Mary Adedayo is an assistant professor of applied computer science at the University of Winnipeg. Growing up in Ibadan, a small town two hours from Lagos, Nigeria, Adedayo gained a keen sense for understanding and analyzing the world from her family.
“I grew up with three boys who were always finicky and trying out things, and my dad was always doing the same thing (as an engineer).”
She completed her undergraduate studies at the Federal University of Agriculture, Abeokuta in Nigeria before receiving a full scholarship to complete a postgraduate diploma in mathematical science from the African Institute for Mathematical Sciences in Cape Town, South Africa.
While in South Africa, she also completed her master’s degree and PhD in computer science. She moved to Winnipeg with her spouse and first child in 2016.
Despite initially going into university for civil engineering, Adedayo developed a love for mathematics and computer science.
“I feel there’s a lot of synergy between mathematics and computer science,” Adedayo says. “I often hear from people that it’s almost impossible to be a computer scientist without knowing some mathematics.”
Much of Adedayo’s research revolves around digital forensics, databases and cybersecurity. She didn’t initially expect to work in this field, but her desire to see justice prevail intersected seamlessly with her research.
“I have a passion for seeing justice and making sure people are safe,” Adedayo says.
Adedayo gets the most excitement and fulfillment from teaching when she can see students’ smiles as they finally understand concepts.
“I’ve been in classes where I’ve seen students literally come to the class scared, thinking ‘I don’t even know if I can take this course,’ and then by the end of the term or even in the middle of the term, you can see their attitude change, and they think ‘I can actually do this. It’s not that hard.’”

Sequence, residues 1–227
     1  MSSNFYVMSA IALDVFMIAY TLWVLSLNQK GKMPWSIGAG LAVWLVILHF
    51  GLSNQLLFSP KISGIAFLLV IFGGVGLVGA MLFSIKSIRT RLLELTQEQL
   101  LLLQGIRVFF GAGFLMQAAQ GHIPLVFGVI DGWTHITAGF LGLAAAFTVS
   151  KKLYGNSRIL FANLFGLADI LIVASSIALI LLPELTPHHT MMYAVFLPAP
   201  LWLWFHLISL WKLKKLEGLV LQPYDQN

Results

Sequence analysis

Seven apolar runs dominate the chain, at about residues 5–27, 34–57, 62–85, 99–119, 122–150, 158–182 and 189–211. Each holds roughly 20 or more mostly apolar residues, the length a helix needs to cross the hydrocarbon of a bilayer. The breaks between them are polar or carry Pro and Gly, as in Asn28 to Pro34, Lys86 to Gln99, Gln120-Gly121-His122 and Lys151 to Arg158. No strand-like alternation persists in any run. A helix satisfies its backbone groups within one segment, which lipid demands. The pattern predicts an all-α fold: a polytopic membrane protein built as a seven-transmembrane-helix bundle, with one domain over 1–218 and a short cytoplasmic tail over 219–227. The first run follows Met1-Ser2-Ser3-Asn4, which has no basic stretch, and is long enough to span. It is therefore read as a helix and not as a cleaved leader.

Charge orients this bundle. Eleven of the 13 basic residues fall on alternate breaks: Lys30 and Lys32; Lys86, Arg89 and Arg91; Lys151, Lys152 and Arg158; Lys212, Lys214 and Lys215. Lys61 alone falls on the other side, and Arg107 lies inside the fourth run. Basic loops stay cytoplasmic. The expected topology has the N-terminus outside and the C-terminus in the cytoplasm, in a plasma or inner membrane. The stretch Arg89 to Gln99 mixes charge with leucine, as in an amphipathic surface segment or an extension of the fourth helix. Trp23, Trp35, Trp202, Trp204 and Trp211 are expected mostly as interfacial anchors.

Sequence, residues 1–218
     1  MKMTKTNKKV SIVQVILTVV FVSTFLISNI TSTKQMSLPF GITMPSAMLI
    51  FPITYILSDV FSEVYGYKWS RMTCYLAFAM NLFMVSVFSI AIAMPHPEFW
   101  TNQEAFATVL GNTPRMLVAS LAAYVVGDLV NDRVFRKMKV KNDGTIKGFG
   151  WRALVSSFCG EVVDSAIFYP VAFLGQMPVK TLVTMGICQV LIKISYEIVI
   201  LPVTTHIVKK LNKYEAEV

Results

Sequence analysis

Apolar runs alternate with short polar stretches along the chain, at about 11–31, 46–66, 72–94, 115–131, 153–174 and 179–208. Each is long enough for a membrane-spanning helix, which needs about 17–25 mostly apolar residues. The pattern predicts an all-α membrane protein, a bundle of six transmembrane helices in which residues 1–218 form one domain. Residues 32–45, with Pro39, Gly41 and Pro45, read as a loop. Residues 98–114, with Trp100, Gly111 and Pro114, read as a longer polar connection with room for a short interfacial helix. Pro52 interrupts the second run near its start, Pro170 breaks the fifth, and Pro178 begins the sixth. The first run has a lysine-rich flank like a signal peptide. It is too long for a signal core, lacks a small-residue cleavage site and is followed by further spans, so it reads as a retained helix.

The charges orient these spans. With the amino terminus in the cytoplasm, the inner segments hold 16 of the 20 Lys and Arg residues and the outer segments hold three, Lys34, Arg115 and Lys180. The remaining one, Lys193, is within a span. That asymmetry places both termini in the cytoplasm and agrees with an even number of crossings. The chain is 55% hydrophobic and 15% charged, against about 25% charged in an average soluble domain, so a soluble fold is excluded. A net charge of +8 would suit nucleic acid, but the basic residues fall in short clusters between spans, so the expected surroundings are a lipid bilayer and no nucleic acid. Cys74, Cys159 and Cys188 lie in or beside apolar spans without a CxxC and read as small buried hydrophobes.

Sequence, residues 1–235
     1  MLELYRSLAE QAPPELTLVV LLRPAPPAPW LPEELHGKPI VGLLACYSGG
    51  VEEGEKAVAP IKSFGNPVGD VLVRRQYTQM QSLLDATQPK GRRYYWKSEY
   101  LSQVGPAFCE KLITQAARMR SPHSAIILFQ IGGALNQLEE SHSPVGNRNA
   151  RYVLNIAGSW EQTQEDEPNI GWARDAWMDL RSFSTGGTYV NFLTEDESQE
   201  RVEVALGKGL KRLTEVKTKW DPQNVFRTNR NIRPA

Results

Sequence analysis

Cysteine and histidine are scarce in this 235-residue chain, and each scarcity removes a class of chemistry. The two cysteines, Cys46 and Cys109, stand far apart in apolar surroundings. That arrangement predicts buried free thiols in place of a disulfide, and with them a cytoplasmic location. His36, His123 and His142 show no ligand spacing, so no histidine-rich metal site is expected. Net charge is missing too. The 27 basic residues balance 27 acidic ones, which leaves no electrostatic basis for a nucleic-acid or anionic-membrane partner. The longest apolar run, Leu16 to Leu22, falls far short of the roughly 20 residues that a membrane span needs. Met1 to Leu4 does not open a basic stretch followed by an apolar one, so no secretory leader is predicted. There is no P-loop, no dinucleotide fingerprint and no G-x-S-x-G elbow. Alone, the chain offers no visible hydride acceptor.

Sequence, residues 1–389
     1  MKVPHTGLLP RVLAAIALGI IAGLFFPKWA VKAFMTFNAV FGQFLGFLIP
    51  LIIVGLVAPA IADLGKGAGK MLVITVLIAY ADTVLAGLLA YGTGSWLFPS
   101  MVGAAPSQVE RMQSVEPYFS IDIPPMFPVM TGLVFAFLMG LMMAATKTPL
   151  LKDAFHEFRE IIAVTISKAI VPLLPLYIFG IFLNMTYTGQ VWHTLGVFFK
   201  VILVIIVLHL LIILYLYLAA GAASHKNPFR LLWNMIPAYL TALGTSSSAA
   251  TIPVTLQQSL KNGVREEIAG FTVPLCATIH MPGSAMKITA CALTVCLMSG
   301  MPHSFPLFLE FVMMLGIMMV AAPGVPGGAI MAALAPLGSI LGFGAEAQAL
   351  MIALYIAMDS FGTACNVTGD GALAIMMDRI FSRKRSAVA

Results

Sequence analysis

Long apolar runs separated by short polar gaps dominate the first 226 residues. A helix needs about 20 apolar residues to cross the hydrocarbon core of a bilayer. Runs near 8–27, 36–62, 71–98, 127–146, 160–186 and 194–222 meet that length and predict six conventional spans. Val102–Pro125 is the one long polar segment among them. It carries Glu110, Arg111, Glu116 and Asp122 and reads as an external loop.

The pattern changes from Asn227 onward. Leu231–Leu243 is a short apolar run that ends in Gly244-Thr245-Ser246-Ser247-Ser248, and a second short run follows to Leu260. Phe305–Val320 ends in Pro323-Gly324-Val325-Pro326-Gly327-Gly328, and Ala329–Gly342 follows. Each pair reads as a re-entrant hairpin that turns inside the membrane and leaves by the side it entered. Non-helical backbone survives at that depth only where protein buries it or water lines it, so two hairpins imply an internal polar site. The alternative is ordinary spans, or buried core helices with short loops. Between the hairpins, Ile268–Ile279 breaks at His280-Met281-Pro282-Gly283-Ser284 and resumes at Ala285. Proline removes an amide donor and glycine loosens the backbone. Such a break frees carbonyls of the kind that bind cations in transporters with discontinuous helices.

What was the worst grade you’ve gotten in a class?
“It must be a C, because it was a lab course. My degree was mathematics and computer science, but I had to pick biology and physics, and all of those courses had labs, and I didn’t like them.”
What is something that you've learned from your students?
“I’ve understood that people are different and that you can’t necessarily use the same yardstick to look at people.”
What do you do in your spare time?
“I play with my kids, sing when I havethe time, and I like to read outside computer science when I can.”
What was your dream job as a child?
“I’ve always wanted to be in academics. I probably didn’t think of anything I would do with it, but it’s always been my dream since I was 10 years old.”
Published in Volume 78, Number 10 of The Uniter (November 16, 2023)